Sometimes it’s a matter of asking the right question. Einstein claimed that the theory of relativity developed because he asked, “What would it be like to ride on a beam of light?” The ancient Rabbi Hillel inspired modern-day politicians as diverse as Robert Kennedy and Ronald Reagan with the question: “If not us, then who? If not now, when?” And, of course, probably the most important question posed in any individual’s life: Will you marry me? Jesus poses two questions to his disciples today. The first, “Who do the crowds say that I am?” we could answer very easily. There have been, over the past two thousand years, some very definite things that the crowded history of Christianity has said about Jesus. We summarize them in the Creed. Jesus is the Christ, God’s only Son, our Lord, God from God, Light from Light, begotten, not made, consubstantial with the Father, Incarnate of the Holy Spirit, Born of the Virgin Mary, he suffered, died, rose, ascended and is now seated at the right hand of the Father. Good answer. But Jesus doesn’t stop the questioning there. It is simply not enough to know what other people say about Jesus. WE have to answer a much more personal question. So Jesus goes on to ask the right question, the important question, the vital question, a question of life and death: “who do you say that I am?”
There isn’t any right or wrong answer to that question. It is, after all, addressed to each one of us as individuals. “Who do YOU say?” And, probably, the answer has shifted over the course of our lives as we have had different experiences. But answering that question is a matter of life and death since it determines the shape of our existence in this world and in the life to come. During our prayer this week each one of us should answer that question for ourselves. Let me share with you one man’s reflection on how he would answer “Who do you say that I am?”
Let me start with the slaughter of eight good people at a Bible study in Mother Bethel AME church in Charleston. Or I could start with the killing of forty-nine innocent people in Orlando. Or, closer to home, I could start with the murder of an unintended bystander coming out of Starbucks on 35th and State. Let’s add racism, patriarchy and crime to the mix. And let’s also include such natural occurrences as birth defects, cancer, weather disasters. The point is that there is so much undeserved suffering in this world. Things are not fair. We can’t figure out why this stuff keeps happening. So when Jesus asks, “Who do you say that I am?” I think of Jesus condemned by Pilate. I think of Jesus carrying his cross up Calvary’s Hill. I think of Jesus’ torn and broken body being placed in the arms of his grieving mother. A whole boat-load of undeserved suffering there. But I also remember that after three days Jesus rose in triumph, restored hope among his despairing disciples and ascended into glory as Our Lord. So my answer to his question: Jesus, you are the one who shows me that God makes a way out of no way. You are the one who demonstrates that God never fails. You teach me that Good Friday will pass and Easter Sunday is coming. Jesus, for me you are the promise that in God’s time all will be well, all manner of things will be well.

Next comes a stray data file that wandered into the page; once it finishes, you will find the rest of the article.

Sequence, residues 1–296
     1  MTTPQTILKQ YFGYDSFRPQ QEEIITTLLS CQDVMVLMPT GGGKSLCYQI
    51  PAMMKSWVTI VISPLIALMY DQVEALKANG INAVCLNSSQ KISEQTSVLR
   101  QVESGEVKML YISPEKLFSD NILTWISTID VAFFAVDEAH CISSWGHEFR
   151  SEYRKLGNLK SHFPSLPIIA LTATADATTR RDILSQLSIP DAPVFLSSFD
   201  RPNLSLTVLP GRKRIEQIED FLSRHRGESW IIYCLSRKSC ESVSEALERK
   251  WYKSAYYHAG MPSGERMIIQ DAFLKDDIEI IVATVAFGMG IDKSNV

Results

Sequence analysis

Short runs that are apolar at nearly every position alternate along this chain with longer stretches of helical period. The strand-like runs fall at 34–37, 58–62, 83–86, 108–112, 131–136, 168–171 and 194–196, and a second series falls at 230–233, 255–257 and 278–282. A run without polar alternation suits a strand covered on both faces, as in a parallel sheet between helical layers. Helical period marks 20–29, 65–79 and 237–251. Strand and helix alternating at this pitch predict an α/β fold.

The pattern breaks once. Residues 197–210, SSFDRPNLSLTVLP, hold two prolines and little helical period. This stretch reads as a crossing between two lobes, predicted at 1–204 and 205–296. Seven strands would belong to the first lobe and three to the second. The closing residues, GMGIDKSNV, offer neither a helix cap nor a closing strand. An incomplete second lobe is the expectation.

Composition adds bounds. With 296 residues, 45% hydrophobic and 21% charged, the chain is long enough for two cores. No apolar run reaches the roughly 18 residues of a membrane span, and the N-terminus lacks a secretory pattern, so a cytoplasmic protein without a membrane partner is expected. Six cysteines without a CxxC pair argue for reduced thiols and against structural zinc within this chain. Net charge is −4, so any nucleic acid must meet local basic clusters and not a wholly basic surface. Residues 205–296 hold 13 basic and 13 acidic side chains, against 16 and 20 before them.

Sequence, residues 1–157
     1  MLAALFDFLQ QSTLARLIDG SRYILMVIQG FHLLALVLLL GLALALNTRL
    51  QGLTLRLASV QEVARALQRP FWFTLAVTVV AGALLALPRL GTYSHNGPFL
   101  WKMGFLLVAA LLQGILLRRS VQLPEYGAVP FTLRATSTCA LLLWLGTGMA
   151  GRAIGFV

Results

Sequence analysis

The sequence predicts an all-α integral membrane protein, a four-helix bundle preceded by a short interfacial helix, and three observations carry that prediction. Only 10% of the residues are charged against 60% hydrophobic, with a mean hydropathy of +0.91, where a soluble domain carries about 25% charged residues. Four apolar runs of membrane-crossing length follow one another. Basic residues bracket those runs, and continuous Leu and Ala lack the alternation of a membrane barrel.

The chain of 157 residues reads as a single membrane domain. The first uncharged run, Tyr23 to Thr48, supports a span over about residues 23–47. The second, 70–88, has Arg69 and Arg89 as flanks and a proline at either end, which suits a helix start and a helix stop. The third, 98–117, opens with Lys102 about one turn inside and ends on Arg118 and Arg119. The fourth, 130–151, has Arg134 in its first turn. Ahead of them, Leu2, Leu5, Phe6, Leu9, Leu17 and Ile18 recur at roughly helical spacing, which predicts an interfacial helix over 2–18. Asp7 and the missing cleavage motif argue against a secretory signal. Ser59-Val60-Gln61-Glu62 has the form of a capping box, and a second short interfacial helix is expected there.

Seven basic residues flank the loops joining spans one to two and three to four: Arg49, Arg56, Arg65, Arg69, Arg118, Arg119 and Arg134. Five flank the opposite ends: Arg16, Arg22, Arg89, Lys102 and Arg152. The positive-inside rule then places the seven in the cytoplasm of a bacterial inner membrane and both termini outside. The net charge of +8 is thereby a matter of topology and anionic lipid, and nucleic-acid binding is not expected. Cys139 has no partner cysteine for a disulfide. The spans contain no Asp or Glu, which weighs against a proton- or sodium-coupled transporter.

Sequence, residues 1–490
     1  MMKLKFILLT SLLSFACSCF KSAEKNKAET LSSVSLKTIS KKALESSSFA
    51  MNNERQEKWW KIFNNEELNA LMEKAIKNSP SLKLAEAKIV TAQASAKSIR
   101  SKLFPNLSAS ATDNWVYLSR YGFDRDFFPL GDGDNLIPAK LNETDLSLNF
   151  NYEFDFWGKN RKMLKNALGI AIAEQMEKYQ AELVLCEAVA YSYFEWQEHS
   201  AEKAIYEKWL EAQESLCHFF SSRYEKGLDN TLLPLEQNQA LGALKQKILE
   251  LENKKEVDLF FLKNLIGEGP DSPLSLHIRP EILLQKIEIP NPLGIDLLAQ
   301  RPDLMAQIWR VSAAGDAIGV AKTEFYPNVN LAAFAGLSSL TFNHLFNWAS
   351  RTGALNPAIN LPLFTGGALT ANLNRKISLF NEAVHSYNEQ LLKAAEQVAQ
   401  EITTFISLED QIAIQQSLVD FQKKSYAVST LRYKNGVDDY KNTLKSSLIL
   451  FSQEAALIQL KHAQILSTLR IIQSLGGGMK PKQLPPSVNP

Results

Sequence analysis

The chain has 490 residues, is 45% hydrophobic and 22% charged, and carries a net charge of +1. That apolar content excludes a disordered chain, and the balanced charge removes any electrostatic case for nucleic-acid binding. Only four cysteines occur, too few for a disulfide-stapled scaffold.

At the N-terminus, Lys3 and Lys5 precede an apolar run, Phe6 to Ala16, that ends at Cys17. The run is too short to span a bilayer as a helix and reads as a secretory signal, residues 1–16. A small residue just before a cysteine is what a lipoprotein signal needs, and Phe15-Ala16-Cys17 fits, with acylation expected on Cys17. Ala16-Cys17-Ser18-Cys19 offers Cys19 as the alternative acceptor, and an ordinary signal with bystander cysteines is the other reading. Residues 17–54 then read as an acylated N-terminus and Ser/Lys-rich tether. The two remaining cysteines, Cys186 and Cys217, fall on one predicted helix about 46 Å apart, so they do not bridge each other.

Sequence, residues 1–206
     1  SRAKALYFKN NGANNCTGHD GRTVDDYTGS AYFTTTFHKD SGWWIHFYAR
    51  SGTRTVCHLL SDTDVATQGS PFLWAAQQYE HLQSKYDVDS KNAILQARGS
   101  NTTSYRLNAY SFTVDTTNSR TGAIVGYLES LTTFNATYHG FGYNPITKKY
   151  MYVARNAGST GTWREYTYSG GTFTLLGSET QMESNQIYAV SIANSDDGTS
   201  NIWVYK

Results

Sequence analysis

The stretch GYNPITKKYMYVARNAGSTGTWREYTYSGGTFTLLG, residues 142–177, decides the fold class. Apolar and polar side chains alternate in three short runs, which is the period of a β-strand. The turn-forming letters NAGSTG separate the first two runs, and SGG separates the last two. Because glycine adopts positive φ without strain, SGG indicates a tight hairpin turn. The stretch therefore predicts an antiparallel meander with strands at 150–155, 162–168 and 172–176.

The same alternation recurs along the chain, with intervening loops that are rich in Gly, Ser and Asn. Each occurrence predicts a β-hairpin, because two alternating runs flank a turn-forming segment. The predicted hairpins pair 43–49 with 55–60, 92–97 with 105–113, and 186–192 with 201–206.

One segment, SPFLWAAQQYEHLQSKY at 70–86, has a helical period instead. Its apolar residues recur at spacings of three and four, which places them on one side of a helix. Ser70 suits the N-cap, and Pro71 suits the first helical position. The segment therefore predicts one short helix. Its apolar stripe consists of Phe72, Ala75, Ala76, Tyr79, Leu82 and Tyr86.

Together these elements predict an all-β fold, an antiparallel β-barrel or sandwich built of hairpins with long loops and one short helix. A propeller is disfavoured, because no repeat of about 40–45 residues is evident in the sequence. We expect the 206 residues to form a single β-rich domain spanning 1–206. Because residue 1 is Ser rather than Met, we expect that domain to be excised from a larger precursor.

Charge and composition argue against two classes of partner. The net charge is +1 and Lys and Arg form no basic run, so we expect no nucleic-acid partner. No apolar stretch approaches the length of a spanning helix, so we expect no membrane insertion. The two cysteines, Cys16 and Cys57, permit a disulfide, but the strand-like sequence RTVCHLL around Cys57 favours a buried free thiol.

But that is not the only answer I give to the question. Every day when I go to work and I hear Jesus ask “Who do you say I am?” and I answer, “You are standing in line at the food pantry. You are the panhandler as I get off of the bus downtown. You are the person in bed when I visit the hospital.” I say this because echoing in the back of my mind is the parable where he said, “When I was hungry you fed me. When I was naked you clothed me. When I was sick and imprisoned you visited me. Whatsoever you do to the least, that you do unto me.” Since that is so, I realize that all of these people out there have a claim on me and I have a stake in them. The way I use my time, the things I do with my money, the decisions I make during an election all have to reflect the fact that I keep bumping into Jesus every day in the wounded parts of the Body of Christ.
One more answer arises to Jesus’ question: who do you say that I am? When I look in the mirror in the morning I recognize the family resemblance. Like Jesus, I am a child of God. He is my elder brother. St. Paul says that through baptism I belong to Christ, I have clothed myself with Christ. “It is now no longer I that live but Christ lives in me.” So who do I say Jesus is? The man in the mirror. Since that is so, I must go with Jesus into Gethsemane. I add my prayer to his. Father, if it is possible let’s try Plan B. Let this cup pass me by. But let it be as you would have it, not as I. Who do I say Jesus is? The one who helps me to trust that God’s plan for me is better than my plan, that God’s will for my life – even though it involves denying myself and taking up my cross daily — is exactly what I need for a happy and healthy existence.
Of course there is another vital question that Jesus asked besides “Who do you say that I am?” This question occurs in St. John’s Gospel. After some of Jesus’ followers get their knickers in a twist over the teaching of Our Lord about the Eucharist they depart from his company. No doubt with a heavy heart he turned to the Twelve, to his chosen ones, and asked, “What about you? Will you also leave?” To which Simon Peter, always Johnny on the spot responded: “Lord, to whom shall we go? You have the words of eternal life.” And that, Church, is the right answer.